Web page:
11th century earring: Presumably a gift from the Emperor of Byzantium to a Viking chief
Photo: Søren Greve / dpa
A man in Denmark found a rare gold earring in a field.
The piece presumably comes from the Middle East and was made in the 11th century.
The 54-year-old Frants Fugl Vestergaard discovered the jewelry using a metal detector in a field in West Jutland, the National Museum in Copenhagen announced on Sunday.
Such an object has never been found in Scandinavia before.
The earring probably came from Byzantium or Egypt and was probably a gift from the Emperor of Byzantium to a Viking chief, it says in a message.
From Monday on, the piece of jewelery will be exhibited in the museum.
No known Viking site nearby
"It is completely unique to us," said museum expert Peter Pentz.
"We only know ten to twelve other specimens worldwide and have never found one in Scandinavia." The Vikings brought thousands of silver coins with them from their forays, trips and trade expeditions, but hardly any jewelry, said Pentz.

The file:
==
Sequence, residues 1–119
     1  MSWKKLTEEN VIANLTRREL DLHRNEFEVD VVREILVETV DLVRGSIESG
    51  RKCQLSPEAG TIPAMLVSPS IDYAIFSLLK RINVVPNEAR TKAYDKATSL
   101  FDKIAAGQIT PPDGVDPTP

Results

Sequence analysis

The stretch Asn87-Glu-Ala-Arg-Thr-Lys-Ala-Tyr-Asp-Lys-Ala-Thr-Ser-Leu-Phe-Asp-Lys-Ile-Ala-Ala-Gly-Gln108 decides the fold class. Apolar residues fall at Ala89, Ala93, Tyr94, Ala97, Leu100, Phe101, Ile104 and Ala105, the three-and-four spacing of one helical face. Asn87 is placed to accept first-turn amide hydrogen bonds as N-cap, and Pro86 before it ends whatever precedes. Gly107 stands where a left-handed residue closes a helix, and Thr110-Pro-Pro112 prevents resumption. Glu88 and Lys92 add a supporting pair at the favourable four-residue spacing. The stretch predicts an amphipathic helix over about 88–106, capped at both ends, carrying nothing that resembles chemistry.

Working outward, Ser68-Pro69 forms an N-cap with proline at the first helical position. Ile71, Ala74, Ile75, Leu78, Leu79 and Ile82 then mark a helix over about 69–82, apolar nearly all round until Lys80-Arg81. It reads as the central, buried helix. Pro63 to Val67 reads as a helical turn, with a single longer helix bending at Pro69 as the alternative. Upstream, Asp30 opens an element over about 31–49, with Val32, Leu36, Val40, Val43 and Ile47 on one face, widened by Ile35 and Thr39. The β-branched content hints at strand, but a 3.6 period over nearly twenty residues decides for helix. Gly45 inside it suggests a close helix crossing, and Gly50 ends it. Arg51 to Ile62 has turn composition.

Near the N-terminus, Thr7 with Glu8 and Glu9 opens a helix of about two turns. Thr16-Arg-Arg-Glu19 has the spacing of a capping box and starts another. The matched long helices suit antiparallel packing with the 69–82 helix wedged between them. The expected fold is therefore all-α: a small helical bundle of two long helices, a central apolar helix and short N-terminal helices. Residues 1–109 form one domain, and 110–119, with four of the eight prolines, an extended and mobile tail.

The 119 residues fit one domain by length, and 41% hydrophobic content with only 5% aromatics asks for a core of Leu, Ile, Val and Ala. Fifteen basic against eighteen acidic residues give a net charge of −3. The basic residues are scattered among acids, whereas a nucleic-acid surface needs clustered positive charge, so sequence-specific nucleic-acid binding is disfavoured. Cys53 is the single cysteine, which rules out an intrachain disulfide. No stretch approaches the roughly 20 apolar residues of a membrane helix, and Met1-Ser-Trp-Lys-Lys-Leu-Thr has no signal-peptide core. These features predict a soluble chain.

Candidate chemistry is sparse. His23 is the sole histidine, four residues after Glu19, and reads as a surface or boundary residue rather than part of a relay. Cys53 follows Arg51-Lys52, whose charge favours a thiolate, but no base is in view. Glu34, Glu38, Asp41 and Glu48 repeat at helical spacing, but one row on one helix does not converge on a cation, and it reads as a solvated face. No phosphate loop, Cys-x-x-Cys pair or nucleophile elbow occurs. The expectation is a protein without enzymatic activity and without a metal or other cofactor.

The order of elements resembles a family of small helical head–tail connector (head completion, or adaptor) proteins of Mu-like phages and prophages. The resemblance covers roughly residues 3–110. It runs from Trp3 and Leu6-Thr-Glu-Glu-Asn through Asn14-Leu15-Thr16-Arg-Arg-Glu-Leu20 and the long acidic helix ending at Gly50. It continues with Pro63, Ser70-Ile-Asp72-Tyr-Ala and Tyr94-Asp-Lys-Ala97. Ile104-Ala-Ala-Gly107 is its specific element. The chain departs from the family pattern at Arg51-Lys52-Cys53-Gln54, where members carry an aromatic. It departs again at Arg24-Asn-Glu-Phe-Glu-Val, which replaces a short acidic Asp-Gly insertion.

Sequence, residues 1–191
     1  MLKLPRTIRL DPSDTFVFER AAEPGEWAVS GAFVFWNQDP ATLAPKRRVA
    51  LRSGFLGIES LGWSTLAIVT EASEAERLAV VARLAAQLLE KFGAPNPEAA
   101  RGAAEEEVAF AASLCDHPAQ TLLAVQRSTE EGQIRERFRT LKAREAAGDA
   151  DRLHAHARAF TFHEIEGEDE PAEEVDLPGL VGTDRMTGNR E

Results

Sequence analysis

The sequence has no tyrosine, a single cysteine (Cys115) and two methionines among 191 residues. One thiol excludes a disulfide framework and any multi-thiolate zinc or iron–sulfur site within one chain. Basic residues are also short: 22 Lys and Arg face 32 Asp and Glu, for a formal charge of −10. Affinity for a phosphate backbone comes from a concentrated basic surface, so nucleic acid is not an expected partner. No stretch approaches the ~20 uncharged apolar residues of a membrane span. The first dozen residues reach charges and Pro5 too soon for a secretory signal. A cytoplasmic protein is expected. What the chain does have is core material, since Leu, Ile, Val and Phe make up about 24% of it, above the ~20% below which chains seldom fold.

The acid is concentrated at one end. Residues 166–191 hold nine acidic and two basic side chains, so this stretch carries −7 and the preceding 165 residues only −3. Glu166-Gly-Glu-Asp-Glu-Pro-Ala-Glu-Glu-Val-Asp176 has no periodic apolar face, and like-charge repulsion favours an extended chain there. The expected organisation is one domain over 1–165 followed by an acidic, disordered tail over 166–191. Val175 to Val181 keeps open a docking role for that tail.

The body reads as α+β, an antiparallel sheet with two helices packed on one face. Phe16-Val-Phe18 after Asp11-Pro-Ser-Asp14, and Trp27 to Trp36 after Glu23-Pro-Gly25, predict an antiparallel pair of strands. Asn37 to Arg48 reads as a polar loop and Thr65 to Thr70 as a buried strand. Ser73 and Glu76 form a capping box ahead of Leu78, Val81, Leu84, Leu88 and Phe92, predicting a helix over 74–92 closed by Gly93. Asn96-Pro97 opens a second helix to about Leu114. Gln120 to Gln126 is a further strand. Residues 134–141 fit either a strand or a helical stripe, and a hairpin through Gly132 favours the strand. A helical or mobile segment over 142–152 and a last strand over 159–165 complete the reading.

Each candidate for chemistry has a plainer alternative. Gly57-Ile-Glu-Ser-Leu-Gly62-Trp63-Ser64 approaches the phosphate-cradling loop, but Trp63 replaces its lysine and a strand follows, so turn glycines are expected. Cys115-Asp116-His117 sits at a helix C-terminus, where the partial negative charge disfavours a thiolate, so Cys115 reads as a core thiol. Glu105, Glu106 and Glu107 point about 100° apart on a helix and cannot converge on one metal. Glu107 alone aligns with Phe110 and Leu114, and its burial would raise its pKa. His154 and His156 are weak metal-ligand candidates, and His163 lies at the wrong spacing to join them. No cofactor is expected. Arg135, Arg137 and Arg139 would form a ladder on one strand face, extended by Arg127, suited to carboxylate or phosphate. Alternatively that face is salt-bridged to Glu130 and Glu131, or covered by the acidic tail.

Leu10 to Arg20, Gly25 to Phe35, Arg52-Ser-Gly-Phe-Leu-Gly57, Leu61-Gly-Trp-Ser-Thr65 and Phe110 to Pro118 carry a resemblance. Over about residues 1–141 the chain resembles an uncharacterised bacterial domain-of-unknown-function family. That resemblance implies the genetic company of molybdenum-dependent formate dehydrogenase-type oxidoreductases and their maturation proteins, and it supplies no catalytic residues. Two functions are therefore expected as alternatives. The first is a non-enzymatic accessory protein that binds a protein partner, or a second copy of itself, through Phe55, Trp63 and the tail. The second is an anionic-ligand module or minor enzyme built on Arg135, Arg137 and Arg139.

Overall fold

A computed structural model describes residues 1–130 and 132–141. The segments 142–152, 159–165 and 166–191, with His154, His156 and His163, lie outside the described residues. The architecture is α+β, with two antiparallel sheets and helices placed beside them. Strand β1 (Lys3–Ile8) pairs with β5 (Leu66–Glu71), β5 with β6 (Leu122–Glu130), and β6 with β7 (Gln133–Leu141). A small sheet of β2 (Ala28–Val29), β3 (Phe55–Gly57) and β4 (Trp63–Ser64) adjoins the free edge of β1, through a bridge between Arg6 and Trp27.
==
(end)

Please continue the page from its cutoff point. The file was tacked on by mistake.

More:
He was surprised by the location - because there is no known Viking site in the vicinity.
Gold from Byzantium had previously been found in Viking graves as grave goods.
The earring consists of a crescent-shaped gold plate, which is inlaid in a frame made of gold threads.
The frame is decorated with small gold balls and gold ribbons.
The motif is two stylized birds around a plant that symbolizes the tree of life.
jme / dpa